SABUTAN: A highly priced fiber in the world of high fashion

from Philstar.com by J. Restituto published on October 1, 2006

Found only in the wild, in the forests of the Sierra Madre mountains in Aurora, sabutan is highly priced in the world of high fashion.

To ensure the supply of rare sabutan fiber, the Aklan State University (ASU) here is the first to attempt its culture in the laboratory. And it has succeeded.

The two-meter-long sabutan leaves are soft and shiny, turning green just before harvest. They are stripped into fibers that are very fine and smooth but strong in texture.

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SABUTAN: A highly priced fiber in the world of high fashion By J. Restituto The Philippine STAR 10/01/2006

BANGA, Aklan – Found only in the wild, in the forests of the Sierra Madre mountains in Aurora, sabutan is highly priced in the world of high fashion.

To ensure the supply of rare sabutan fiber, the Aklan State University (ASU) here is the first to attempt its culture in the laboratory. And it has succeeded.

The two-meter-long sabutan leaves are soft and shiny, turning green just before harvest. They are stripped into fibers that are very fine and smooth but strong in texture.

Bright, eye-catching colorfast dyes give the more sophisticated finish to stylish fashion products.

Sabutan fibers are woven into hats, baskets, handbags, fans, wallets, wall decors, placemats, coasters, fancy slippers and home and Christmas decors. Traditionally, they are also made into mats, toys, decorative flowers and curtains.

The hand-woven bags especially have designer trims such as leather, snakeskin, suede and wood. They are sold in Beverly Hills boutiques in Hollywood and hailed by fashion magazines from Milan to Manila.

Processing is hard work and manual: cutting the leaves, trimming thorny edges, stripping, sorting, drying and flattening. In the 1950s, practically every home in Aurora had a sabutan weaver. Today there are some 10,000 weavers left, most of them peasant women.

Provincial trade officials put the export of sabutan accessories at $160 million annually — sold mostly in the United States, Japan, Australia, Germany, Italy, Spain, Hong Kong, Saudi Arabia, Taiwan and as far as Uruguay. One local company produces nearly 44,000 hats and bags a year valued in the millions of pesos and sold in New Jersey (New York), Japan and London.

A species of pandan, sabutan grows from two to four meters tall but rarely produces flowers. It has not been found to bear fruits.

Being rare makes it very expensive. So much so that it is over harvested and what’s left of the sabutan stands could be gone in a few short years unless something is done to arrest its depletion.

“It is endangered because its fiber is very expensive,” says Mike Ibisate, a researcher at the ASU College of Agriculture, Forestry and Ecological Sciences. “Because natural seed production is threatened, its range is shrinking.”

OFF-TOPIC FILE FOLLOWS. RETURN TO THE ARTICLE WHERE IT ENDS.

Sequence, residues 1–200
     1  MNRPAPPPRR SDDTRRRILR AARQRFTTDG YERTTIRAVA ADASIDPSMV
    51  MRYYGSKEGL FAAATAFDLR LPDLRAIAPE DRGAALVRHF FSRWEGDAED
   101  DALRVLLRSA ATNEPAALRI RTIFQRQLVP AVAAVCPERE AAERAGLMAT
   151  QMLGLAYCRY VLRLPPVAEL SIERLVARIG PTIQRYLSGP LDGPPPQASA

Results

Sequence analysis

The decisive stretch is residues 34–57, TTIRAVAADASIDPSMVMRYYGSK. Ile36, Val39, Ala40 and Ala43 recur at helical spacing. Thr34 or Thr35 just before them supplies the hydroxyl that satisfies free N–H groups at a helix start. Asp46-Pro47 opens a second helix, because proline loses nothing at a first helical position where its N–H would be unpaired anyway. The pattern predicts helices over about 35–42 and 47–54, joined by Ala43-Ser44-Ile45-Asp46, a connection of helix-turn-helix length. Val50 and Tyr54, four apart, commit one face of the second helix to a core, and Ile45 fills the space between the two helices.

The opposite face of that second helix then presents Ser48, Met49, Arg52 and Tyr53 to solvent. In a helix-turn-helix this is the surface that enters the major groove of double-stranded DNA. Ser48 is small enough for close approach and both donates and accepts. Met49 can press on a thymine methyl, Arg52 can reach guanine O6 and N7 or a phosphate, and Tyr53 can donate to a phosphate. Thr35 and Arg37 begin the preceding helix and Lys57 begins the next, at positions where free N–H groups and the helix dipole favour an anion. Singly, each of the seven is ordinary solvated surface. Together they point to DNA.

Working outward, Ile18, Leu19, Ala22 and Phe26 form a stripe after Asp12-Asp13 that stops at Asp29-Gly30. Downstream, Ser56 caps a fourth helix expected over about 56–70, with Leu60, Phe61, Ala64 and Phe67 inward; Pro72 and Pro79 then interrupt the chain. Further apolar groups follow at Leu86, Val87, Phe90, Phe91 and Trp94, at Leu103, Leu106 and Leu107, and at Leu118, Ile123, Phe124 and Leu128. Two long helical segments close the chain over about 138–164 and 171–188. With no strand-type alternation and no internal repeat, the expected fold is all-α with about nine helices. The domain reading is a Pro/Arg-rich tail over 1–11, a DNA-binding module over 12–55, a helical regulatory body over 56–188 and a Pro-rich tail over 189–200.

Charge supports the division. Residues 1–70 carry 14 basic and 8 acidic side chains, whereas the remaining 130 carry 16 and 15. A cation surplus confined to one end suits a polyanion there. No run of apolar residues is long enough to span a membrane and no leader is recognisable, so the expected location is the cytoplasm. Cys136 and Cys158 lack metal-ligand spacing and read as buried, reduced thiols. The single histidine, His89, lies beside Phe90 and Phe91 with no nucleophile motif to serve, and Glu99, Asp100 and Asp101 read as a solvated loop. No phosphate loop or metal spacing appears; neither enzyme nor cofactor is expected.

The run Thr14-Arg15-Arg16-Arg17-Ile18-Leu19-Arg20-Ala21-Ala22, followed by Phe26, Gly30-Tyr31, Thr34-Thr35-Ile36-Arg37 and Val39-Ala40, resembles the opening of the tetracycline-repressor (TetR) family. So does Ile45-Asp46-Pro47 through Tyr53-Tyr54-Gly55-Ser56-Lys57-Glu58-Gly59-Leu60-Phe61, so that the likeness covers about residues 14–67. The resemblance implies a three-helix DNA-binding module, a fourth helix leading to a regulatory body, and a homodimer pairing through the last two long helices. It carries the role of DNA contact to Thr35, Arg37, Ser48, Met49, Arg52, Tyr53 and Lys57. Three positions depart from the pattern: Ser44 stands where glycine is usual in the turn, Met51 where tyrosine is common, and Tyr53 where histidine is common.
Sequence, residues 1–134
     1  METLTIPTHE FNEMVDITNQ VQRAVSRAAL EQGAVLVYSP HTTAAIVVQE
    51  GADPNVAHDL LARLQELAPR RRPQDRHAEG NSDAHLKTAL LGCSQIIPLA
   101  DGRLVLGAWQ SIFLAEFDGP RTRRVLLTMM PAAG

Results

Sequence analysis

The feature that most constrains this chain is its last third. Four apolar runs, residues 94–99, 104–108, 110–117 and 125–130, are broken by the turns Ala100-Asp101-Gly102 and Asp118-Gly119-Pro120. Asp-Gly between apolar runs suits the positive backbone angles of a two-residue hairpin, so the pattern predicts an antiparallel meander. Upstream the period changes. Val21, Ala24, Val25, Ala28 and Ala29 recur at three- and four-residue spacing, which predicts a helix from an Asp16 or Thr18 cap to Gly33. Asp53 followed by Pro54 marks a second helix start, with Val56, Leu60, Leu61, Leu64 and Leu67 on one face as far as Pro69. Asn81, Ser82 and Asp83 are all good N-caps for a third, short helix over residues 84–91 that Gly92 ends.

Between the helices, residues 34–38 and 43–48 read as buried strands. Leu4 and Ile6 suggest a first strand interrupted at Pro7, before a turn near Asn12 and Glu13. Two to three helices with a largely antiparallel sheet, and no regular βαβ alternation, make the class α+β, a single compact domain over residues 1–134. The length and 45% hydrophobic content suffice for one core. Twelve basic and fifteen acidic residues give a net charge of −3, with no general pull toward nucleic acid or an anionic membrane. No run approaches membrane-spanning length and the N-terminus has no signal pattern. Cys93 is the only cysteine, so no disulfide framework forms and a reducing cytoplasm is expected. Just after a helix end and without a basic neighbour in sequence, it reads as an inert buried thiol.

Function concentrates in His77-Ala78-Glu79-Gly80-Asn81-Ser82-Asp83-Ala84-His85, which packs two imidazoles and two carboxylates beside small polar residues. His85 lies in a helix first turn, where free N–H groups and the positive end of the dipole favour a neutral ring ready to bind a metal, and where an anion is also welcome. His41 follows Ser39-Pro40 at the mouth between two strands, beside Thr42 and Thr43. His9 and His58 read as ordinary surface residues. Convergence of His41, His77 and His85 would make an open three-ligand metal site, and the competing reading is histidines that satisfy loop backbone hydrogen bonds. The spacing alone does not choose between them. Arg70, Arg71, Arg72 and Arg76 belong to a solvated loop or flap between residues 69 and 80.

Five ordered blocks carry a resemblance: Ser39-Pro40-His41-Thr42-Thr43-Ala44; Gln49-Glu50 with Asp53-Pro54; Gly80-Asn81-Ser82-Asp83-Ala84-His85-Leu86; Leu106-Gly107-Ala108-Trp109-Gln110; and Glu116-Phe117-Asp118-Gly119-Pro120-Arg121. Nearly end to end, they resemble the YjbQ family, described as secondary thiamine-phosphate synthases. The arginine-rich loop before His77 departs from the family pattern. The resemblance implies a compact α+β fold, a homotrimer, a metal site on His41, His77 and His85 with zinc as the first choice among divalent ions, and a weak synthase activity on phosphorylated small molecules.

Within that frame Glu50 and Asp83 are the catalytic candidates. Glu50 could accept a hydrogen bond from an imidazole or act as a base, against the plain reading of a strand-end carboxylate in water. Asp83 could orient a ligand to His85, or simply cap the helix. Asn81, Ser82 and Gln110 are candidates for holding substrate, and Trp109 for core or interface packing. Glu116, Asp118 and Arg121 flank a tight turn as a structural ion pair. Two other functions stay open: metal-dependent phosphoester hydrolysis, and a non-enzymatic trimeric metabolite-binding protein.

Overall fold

Once abundant in the wild, even between rows of coconut trees, the fiber was so highly in demand that over-harvesting has left less than 50 hectares of sabutan stands in mountain slopes, mostly in San Luis and Baler towns. Coffee and citrus plantations also took over sabutan lands.

It was threatened with extinction unless cloning stepped in, says Ibisate who made the successful culture of sabutan in the laboratory.

Sabutan (Pandanus sabutan Blanco) comes from suckers that grow in semi-wild conditions. Very rarely — because it is unsuccessful most of the time — the traditional way of propagating it is by replanting the suckers.

“We can use tissue culture and produce plenty of seedlings but it will take time to produce cloned suckers in a natural stand,” Ibisate says.

Ibisate has brought the problem to the laboratory and — with research assistants Benny A. Palma and Elsa I. Abayon — tried to induce the callus to grow from a leaf.

“The callus, or bud if you will, could be used as a planting material for mass sabutan cultivation,” he explains.

To induce callus growth, he grew them in a laboratory (Petri) dish full of hormones. The sabutan leaf was cut and put in a growing medium that was supplemented with, among others, the chemical benzyl adenine — and 15 percent coconut water and five percent sucrose.

The growing medium encouraged large cells (callus) to form organs like the leaves and roots — all potential planting materials that can be mass produced and ultimately cultivated into hectares of sabutan stands in Aurora, the Sierra Madres and, to a lesser extent, Quezon province.

At the ASU laboratory, Ibisate struck green gold. Only after a month of culture in the dark, sabutan leaves that were cut and put in the growing medium expanded and produced callus. Those cultured in the light developed not callus but a clump from the lateral bud with pale green tissues.

“We now know that inducing the callus to grow in the dark is possible,” Ibisate concludes. “The leaf can be induced to form a callus through in vitro production.”

The callus formation is just the first stage of a long research and development process. Stage two, which is ongoing, is to produce plantlets from the callus.

If this is successful, the plantlets will be nurtured for 1.5 years in trial nurseries “prior to massive propagation followed by widespread distribution in Aurora,” says Ibisate. – Inter News&Features

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